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Chapter 9: Observation:  The Roots of Practice
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Chapter 9: Observation: The Roots of Practice

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Early Childhood Education: Learning Together

Early Childhood Education: Learning Together
by Virginia Casper and Rachel Theilheimer
(c)2009 McGraw-Hill Publishing

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Chapter 9: Observation: The Roots of Practice Presentation Transcript

  • 1. Chapter 9: Observation: The Roots of Practice Copyright 2010 McGraw-Hill Companies, Inc. New York, New York
  • 2. The Observer
    • Notices tone of voice
    • Notices quality of movement
    • Notices facial expressions
    • Notices language
    • Notices actions
    Copyright 2010 McGraw-Hill Companies, Inc. New York, New York
  • 3. Open-ended Activity
    • An activity that places no pressure on the child and for which there are no external expectations
    Copyright 2010 McGraw-Hill Companies, Inc. New York, New York
  • 4. Observe
    • “ To see or sense especially through analytic attention”
      • Analytic attention : the observer is concentrating in a clear and focused way on the events unfolding around her
    Copyright 2010 McGraw-Hill Companies, Inc. New York, New York
  • 5. Steps in Observation
    • Collect and record data
    • Analyze the data
    • Interpret the data
    • Collect more data
    Copyright 2010 McGraw-Hill Companies, Inc. New York, New York
  • 6. Types of Observation
    • Subjective : includes the teacher’s perspective and judgments
    • Objective : includes only what has occurred during the observation
    Copyright 2010 McGraw-Hill Companies, Inc. New York, New York
  • 7. Reflection
    • Teachers can reflect on many observations over time to gain a better understanding and appreciation for what is going on in the minds of their children
    Copyright 2010 McGraw-Hill Companies, Inc. New York, New York
  • 8. Benefits of Observation
    • Tool for understanding diversity
    • Generate knowledge about child
    • Tool for drafting “scripts for action”
    • Aid in becoming an effective decision-maker
    • Aid in planning curriculum
    • Facilitate communication with families
    Copyright 2010 McGraw-Hill Companies, Inc. New York, New York
  • 9. Goodness of Fit
    • Matching a child’s temperament with his or her environment
    Copyright 2010 McGraw-Hill Companies, Inc. New York, New York
  • 10. Curriculum Planning
    • Planning organized activities
    • Allowing time for spontaneous activities
    • Involves:
      • Scheduling
      • Setting routines
      • Defining goals and expectations
    Copyright 2010 McGraw-Hill Companies, Inc. New York, New York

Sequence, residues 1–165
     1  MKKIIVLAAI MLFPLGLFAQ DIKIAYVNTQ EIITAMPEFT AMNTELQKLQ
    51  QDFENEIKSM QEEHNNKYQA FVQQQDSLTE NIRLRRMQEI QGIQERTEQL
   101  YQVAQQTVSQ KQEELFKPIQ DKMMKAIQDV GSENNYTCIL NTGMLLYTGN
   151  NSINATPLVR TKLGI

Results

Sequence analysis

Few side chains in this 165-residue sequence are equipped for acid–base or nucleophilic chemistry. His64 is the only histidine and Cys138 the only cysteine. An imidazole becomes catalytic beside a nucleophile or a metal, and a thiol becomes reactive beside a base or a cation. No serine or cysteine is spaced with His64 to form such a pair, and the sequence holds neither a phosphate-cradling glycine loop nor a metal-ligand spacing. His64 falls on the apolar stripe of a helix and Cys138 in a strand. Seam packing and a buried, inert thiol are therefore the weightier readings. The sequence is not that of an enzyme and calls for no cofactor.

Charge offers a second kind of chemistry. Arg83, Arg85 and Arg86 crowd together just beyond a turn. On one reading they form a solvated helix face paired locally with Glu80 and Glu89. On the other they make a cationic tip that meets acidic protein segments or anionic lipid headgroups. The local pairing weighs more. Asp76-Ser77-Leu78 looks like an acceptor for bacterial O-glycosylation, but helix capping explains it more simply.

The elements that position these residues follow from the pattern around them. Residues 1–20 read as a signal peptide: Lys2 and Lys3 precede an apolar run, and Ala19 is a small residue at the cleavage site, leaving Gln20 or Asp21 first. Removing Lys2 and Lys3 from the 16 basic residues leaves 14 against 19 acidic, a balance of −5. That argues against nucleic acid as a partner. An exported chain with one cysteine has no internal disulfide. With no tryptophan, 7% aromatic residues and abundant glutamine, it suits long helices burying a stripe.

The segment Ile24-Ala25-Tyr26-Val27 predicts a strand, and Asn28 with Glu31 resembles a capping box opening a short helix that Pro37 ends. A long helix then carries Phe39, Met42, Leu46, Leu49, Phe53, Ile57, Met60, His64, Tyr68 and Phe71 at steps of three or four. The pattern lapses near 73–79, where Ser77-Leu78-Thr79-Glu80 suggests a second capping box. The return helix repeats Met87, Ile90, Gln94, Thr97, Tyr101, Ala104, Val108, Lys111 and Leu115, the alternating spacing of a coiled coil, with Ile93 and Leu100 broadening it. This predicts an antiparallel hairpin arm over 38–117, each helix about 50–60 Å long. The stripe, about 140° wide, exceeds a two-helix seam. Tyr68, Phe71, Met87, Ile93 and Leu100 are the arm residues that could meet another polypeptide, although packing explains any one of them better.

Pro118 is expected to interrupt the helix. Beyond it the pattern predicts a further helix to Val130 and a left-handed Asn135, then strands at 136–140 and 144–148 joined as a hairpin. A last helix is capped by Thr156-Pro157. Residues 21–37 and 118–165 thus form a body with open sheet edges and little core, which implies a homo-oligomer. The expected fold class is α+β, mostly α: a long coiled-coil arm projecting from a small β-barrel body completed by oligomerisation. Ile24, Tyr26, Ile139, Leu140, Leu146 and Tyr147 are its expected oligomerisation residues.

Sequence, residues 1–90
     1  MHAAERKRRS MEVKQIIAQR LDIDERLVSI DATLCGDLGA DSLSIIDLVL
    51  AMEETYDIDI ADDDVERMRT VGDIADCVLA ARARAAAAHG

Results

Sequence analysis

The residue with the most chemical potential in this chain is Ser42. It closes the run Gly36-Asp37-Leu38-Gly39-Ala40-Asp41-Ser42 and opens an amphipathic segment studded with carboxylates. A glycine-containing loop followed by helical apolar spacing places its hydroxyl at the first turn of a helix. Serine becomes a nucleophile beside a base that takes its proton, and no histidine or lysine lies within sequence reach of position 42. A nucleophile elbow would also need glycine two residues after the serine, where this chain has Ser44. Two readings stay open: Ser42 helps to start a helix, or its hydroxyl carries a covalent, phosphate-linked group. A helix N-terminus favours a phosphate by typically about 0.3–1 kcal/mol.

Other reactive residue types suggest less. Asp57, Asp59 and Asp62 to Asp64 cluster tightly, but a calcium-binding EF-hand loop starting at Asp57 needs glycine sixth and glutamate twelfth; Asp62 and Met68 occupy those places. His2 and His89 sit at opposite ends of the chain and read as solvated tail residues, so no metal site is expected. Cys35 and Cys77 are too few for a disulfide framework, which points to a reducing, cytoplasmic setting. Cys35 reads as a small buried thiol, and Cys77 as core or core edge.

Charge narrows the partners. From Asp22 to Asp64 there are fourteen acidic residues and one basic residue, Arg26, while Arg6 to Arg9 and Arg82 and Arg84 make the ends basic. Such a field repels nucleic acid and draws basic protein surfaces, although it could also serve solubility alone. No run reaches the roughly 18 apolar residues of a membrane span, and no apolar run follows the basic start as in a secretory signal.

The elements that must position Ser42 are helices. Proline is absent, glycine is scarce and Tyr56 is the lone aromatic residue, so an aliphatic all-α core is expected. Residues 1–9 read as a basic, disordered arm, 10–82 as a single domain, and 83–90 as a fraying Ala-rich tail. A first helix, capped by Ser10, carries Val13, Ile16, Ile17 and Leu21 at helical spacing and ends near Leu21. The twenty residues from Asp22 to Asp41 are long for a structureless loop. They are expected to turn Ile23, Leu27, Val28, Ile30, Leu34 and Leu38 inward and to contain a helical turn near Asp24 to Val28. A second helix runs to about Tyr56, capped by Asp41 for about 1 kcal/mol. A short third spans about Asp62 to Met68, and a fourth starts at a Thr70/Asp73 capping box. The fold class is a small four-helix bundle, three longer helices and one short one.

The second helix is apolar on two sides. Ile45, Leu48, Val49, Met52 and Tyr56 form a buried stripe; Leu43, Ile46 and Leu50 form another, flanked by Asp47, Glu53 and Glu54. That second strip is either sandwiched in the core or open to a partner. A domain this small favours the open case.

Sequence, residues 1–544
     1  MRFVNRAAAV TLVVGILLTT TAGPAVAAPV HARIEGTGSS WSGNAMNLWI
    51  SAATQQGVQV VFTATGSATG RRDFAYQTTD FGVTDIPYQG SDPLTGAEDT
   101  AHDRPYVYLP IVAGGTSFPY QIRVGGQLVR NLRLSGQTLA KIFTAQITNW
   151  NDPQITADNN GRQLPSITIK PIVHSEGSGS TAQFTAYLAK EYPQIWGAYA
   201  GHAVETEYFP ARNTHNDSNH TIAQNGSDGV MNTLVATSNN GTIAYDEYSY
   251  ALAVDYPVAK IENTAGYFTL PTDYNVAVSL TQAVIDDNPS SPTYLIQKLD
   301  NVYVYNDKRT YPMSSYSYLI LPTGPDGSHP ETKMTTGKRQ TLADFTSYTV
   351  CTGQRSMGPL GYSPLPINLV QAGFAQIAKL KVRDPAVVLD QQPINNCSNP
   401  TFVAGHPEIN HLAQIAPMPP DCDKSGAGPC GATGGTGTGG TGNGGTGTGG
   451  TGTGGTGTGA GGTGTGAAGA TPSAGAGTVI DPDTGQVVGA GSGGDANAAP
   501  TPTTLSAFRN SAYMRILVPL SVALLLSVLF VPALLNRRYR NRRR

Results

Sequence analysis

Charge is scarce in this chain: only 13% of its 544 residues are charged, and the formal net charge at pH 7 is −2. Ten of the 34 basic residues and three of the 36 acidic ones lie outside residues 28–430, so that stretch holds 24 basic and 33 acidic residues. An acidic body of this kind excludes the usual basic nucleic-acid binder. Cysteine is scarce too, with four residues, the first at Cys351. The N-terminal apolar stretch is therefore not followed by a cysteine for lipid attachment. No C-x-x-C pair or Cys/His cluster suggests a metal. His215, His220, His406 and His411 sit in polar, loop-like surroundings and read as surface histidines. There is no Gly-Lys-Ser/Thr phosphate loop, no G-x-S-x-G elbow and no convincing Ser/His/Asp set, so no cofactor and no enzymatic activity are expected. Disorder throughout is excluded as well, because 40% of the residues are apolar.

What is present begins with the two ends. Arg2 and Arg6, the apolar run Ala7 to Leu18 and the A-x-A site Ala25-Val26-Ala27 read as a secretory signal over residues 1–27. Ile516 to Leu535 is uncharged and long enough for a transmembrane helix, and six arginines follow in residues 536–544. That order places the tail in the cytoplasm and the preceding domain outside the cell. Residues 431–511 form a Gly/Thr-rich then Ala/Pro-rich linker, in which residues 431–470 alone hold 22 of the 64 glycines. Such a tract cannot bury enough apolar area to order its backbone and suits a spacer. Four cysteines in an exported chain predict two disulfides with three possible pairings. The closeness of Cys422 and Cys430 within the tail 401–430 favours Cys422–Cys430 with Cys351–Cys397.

• 11. Types of Interactions to Observe
    • Peer-to-peer interactions
    • Adult-child interactions
    • Caregiving routines
    Copyright 2010 McGraw-Hill Companies, Inc. New York, New York
  • 12. Types of Communication
    • Informal communication : arises from spontaneous encounters with parents and children
    • Formal communication : planned communication between parties, such as a parent-teacher conference
    Copyright 2010 McGraw-Hill Companies, Inc. New York, New York
  • 13. Confidentiality
    • Disclosing information only to those professionals and family members involved in the situation
    Copyright 2010 McGraw-Hill Companies, Inc. New York, New York
  • 14. What to Observe
    • Their transitions to the classroom in the morning and end of day
    • Their routines – eating, sleeping, washing hands
    • Their activities and use of materials
    • Their language
    • Their interactions
    Copyright 2010 McGraw-Hill Companies, Inc. New York, New York
  • 15. Bias
    • One’s natural tendency to favor some children over others based on their characteristics, behavior style, and cultural background
    • Being aware of one’s bias can improve one’s ability to observe objectively rather than subjectively
    Copyright 2010 McGraw-Hill Companies, Inc. New York, New York
  • 16. Narrative Records
    • Running record : teacher writes down exactly what she sees for a period of time
    • Anecdotal record : teacher describes an event
    • Diary/Journal : teacher regularly records what happens and adds commentary
    Copyright 2010 McGraw-Hill Companies, Inc. New York, New York
  • 17. Observation Methods
    • Event sampling : the observation and recording of a pre-determined event
    • Checklists : formal evaluations which measure a child’s developmental performance against preset criteria
    Copyright 2010 McGraw-Hill Companies, Inc. New York, New York
  • 18. Child Study
    • A comprehensive document put together from observations of a child over a period of time
    Copyright 2010 McGraw-Hill Companies, Inc. New York, New York
  • 19. Descriptive Review
    • Use the child’s work, his efforts to stand upright and then take steps, his paintings and block buildings, or the stories he writes as a starting point for understanding his world
    Copyright 2010 McGraw-Hill Companies, Inc. New York, New York
  • 20. Communicating Assessment Results
    • Narrative reporting : a written description of the child’s behaviors that includes observations, assessments, and recommendations
    Copyright 2010 McGraw-Hill Companies, Inc. New York, New York